Spits, Knights rivalry has it all

RYAN PYETTE, SUN MEDIA

, Last Updated: 8:57 AM ET

Some hockey rivalries are fuelled by geography.

Others gain their heat from long and bitter history.

The best ones have both.

That's the backdrop heading into tomorrow's game between the Windsor Spitfires and London Knights at the John Labatt Centre.

It's not just the top two teams in the OHL facing off against each other.

Or 10 guys who shared a dressing room for last night's OHL All-Star Classic in Windsor ramping it up for the most intense game of the season to-date.

It's more than the No. 1 team in the Canadian Hockey League facing the seventh-ranked club in its 9,000-seat rink for a game being televised on Rogers Sportsnet.

The Spits and Knights have long been the measuring stick for one another.

For almost 30 years, they shared the same division. They came into the league instantly opposed, fought during playoff series, battled over postseason berths and celebrated milestones achieved against the other team with a little more gusto.

When the Knights were reassigned to the OHL's Midwest Division for 2002, the Spits stayed in the West. Though a scheduling format change called for teams in each Western Conference division to play four times against each other, London and Windsor stuck with six.

No one wanted to see the electricity wilt.

There had been a lot of back-and-forth between the clubs. Former head coach Wayne Maxner, for instance, went from behind the Windsor bench to London, then back to the Spits again in his career.

Shortly after Mark and Dale Hunter purchased the Knights, the team rocketed ahead of its old foe. London became the cornerstone franchise in the league, posted back-to-back 50-win seasons and won the Memorial Cup in its new building.

Then Windsor scalped the blueprint.

The Spits were sold to a group of hockey men that included head coach Bob Boughner and GM Warren Rychel, who both knew and played the game in the NHL.

In their greener days, they leaned on the Hunters' knowledge, watched how they did things and learned from it.

Now they're trying to beat them at it.

There was no better battle of front-office one-upmanship than the leadup to the league's Jan. 9 trade deadline.

London needed some toughness and wanted Owen Sound's big and strong forward Lane MacDermid.

But Windsor got there first and made the deal with the Attack. That, and a big trade raiding the Kitchener Rangers of their remaining veteran Memorial Cup talent, propelled an already deep and solid Spits team above everybody else.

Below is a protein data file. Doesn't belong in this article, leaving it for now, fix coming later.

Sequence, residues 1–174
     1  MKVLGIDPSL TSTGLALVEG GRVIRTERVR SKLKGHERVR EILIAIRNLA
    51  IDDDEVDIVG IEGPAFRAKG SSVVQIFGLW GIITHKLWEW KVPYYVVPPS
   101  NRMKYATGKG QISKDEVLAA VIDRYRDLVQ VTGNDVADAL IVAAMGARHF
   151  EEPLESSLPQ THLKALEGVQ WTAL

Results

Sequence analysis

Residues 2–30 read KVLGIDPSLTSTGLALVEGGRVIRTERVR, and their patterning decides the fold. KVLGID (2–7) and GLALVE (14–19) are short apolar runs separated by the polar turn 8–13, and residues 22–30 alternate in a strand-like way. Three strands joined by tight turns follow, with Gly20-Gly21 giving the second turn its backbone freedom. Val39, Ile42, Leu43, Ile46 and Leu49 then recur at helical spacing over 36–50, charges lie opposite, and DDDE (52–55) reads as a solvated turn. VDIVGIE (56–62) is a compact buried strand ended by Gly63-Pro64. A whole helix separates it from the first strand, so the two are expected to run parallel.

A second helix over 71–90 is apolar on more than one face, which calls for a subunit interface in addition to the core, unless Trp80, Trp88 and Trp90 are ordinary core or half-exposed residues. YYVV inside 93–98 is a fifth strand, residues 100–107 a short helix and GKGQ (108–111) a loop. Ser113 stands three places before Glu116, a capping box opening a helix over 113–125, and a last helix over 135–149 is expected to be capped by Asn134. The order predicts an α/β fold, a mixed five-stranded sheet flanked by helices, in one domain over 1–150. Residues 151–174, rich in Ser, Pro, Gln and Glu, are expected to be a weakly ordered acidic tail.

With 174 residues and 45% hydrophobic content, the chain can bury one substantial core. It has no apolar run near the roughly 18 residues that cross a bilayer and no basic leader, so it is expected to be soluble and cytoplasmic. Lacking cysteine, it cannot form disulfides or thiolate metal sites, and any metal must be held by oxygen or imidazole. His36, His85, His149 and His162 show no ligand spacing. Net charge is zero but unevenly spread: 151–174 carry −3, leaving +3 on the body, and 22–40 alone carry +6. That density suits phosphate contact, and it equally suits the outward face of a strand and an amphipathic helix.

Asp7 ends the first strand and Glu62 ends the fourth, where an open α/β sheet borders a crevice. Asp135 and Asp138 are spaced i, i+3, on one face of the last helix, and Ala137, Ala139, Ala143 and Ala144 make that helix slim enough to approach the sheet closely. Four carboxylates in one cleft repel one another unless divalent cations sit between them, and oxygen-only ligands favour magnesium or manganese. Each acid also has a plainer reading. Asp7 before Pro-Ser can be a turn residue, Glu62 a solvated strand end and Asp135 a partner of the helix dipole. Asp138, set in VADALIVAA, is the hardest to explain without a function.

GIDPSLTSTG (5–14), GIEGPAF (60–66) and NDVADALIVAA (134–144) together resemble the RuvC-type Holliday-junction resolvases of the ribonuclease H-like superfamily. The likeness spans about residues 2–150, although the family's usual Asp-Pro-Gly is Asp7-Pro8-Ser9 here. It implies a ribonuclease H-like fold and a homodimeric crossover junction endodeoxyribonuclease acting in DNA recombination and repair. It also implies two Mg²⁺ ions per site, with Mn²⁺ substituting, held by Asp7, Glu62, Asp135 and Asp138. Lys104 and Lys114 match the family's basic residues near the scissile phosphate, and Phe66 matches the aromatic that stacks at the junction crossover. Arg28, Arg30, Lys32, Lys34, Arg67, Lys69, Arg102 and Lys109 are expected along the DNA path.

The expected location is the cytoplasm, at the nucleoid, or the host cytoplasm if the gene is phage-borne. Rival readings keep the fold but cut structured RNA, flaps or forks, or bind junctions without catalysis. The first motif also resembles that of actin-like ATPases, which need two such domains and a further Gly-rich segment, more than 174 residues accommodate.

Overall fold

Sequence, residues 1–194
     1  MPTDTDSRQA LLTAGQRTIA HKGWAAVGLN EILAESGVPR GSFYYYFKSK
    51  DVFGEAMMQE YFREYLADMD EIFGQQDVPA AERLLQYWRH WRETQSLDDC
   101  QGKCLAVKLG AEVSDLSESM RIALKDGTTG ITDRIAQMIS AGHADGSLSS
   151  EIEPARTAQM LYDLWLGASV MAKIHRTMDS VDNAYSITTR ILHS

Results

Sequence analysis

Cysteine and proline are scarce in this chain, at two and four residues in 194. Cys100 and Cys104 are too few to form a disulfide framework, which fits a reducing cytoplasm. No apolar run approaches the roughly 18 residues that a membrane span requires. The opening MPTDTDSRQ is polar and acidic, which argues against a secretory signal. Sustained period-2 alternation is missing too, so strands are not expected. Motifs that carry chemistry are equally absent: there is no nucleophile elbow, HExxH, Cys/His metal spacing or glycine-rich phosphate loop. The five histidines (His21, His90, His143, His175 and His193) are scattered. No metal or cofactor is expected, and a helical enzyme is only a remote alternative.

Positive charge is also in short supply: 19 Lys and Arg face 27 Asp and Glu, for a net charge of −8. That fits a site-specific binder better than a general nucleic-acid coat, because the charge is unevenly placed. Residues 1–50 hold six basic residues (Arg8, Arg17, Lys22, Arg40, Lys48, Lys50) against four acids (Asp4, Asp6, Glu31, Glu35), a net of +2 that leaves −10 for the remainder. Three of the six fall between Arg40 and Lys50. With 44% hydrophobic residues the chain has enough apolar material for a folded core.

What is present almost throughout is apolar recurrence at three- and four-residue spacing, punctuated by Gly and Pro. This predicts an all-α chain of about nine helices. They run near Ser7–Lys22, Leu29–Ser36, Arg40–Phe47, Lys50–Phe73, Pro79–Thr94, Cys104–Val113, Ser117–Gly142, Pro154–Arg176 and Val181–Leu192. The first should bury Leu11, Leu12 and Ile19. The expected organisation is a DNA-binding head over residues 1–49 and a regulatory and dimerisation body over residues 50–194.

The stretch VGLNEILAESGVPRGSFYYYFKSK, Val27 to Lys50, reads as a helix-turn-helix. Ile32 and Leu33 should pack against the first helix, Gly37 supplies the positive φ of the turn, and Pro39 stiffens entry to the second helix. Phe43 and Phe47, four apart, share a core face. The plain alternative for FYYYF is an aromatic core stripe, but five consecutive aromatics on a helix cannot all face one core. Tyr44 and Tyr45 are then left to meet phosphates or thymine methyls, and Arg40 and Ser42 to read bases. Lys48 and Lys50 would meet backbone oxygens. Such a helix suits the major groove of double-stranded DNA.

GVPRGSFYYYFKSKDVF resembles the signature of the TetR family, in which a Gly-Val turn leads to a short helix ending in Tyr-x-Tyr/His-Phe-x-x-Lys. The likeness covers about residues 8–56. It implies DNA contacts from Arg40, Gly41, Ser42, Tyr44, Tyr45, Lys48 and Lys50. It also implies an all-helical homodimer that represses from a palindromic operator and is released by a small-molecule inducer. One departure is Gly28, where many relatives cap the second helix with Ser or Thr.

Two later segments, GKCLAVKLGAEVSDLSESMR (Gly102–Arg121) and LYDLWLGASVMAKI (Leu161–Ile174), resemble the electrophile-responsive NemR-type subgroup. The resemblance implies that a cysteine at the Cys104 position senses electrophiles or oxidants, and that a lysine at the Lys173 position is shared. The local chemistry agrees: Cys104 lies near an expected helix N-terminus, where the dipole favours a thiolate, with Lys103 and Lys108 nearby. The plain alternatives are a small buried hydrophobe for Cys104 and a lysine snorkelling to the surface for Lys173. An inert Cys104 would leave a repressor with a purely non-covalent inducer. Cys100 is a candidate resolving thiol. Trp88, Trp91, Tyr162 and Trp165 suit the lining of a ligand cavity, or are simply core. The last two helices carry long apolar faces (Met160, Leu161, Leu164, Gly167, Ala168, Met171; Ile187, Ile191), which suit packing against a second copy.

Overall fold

The Knights responded by landing sniper John Tavares and defenceman Michael Del Zotto, Oshawa's best players, to re-enter contender status. There's lots of built-up angst.

The Spits have a new rink, an air of excitement and a record comparable the powerhouse Knights team of 2004-05.

They have beaten London three times in three tries this season.

This is supposed to be their time. But London remains the only team that can match the Spits all-star for all-star.

Scouts want to see how Tavares and Nazem Kadri handle Windsor's strength. They'll also watch what Taylor Hall -- the projected No. 1 NHL pick in 2010 -- and defenceman Ryan Ellis can manage against these Knights.

In the OHL, there will be a lot of glory in just getting to the Memorial Cup this year.

AROUND THE O

Steve Yzerman and Adam Graves served as honourary captains for last night's All-Star Classic. Yzerman's No. 19 has been hanging in the rafters of Joe Louis Arena for the last two years. Graves, the former Spitfire who owns a piece of the Oshawa Generals, had his No. 9 retired by the New York Rangers in a Madison Square Garden ceremony on Tuesday . . . There's only one player in the league's top 10 scoring with a realistic shot at 100 points and 100 penalty minutes, Sarnia Sting forward Justin DiBenedetto, who has 68 points and 71 PIMs. His previous career highs are 93 points and 61 PIMs last year . . . Cody Hodgson's league-best 20-game point streak just serves to remind how hot a goal scorer retired NHLer Mike Ricci was in his junior days. Twenty-one years ago, Ricci scored at least one goal in 19 straight games for the Peterborough Petes -- still a league record . . . Every OHL team has at least 10 wins now. Doug Gilmour's Kingston Frontenacs were the last to join the group, but they got there on an Ethan Werek winner with four seconds left against London last Friday.


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